barrenelly, jerry, brbadg and 2 others like this.
  14. Mushroo

    Mushroo Supporting Member

    Apr 2, 2007
    Massachusetts, USA
    Smile, put on a good show, and get paid. It's showbiz. So what if you are inaudible in the mix. Your band leader is expanding your bookings and putting more money in your pocket. Acoustic/unplugged gigs are fun. Keep an open mind and give it a try.
     
  15. At this point money goes back into the band, we're gearing up for the studio so I don't really get paid yet. I like acoustic gigs, but we never play without power, the vocals are always mic'd, every other member can still sound their best and actually contribute. Music is sound, can't really enjoy making music if you aren't making music.
     
  16. 2saddleslab

    2saddleslab Supporting Member

    May 30, 2003
    Kentucky
    Wait, I thought the leader said all acoustic? Shouldn’t the same go for the vocals? Bet not.

    Don’t mind me, just yankin' chains.
     
  17. Exactly, I'm all about being a good sport and a team player, I'll play songs I don't like because I'm a part of a band and it isn't all about me. She sings, and understands the limitations in her instrument in that regard. I'm more looking for other bass players opinions on this to back up what I am saying.
     
    barrenelly likes this.
  18. Mushroo

    Mushroo Supporting Member

    Apr 2, 2007
    Massachusetts, USA
    I'm not a big fan of being told what to do by people who aren't paying me. But putting that personal prejudice aside, and thinking positively about the opportunity:

    Do I understand correctly, there is a PA for the vocals, and it is not therefore a completely "unplugged" gig? A few options you might consider:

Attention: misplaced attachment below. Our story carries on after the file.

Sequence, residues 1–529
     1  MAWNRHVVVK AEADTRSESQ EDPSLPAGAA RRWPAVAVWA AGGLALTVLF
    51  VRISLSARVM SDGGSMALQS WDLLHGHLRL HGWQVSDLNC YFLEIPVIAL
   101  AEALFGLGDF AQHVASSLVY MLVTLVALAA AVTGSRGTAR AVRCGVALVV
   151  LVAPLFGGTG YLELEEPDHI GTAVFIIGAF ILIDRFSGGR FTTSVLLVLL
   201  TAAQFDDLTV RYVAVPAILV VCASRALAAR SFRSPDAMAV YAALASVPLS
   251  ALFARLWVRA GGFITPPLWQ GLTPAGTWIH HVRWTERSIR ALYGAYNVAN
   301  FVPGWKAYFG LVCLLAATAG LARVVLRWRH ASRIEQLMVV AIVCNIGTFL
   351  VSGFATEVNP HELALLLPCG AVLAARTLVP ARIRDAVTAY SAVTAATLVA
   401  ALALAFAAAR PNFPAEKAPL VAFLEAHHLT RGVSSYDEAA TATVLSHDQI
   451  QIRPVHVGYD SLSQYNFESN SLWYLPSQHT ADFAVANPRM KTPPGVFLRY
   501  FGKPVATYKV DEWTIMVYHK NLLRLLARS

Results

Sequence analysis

1. Put a mic in front of your ABG, or use your ABG's pickup, into the PA along with the vocals.
    2. Learn to play double bass.
    3. Play a different instrument for the unplugged gigs. When I bring my ABG to unplugged jam sessions, I'll often bring a hand drum or harmonica as well, in case the volume level gets too loud for my ABG to be heard. Another example, John Paul Jones played mandolin on some of Led Zeppelin's acoustic material. Or just contribute backing vocals. Look on this as an opportunity to branch out from being "just the bassist" to becoming a multi-instrumental contributor to the band's success.
     
  19. two fingers

    two fingers Opinionated blowhard. But not mad about it. Gold Supporting Member

    Feb 7, 2005
    Eastern NC USA
    It's a ridiculous notion.

    So, let me get this straight.

    The ONLY thing being "powered" is her vocals? The acoustic guitars aren't amplified in any way either? Where are you guys playing? Living rooms????

    Sorry, but she's a dipstick.
     
  20. I play some percussion, the spoons, djembe, tambourine, but they brought me in to play bass and prefer that I play bass. The acoustic stuff is generally churches, or other buildings with crazy acoustics. She has a soft voice and a loud lead guitarist so I understand micing the vocals. We have had sound guys offer to plug the bass into the pa but she thinks it will sound better unplugged. Again, I think it's just a case of not understanding the limits of an instrument she doesn't play.
     
    barrenelly and TH63 like this.

Share This Page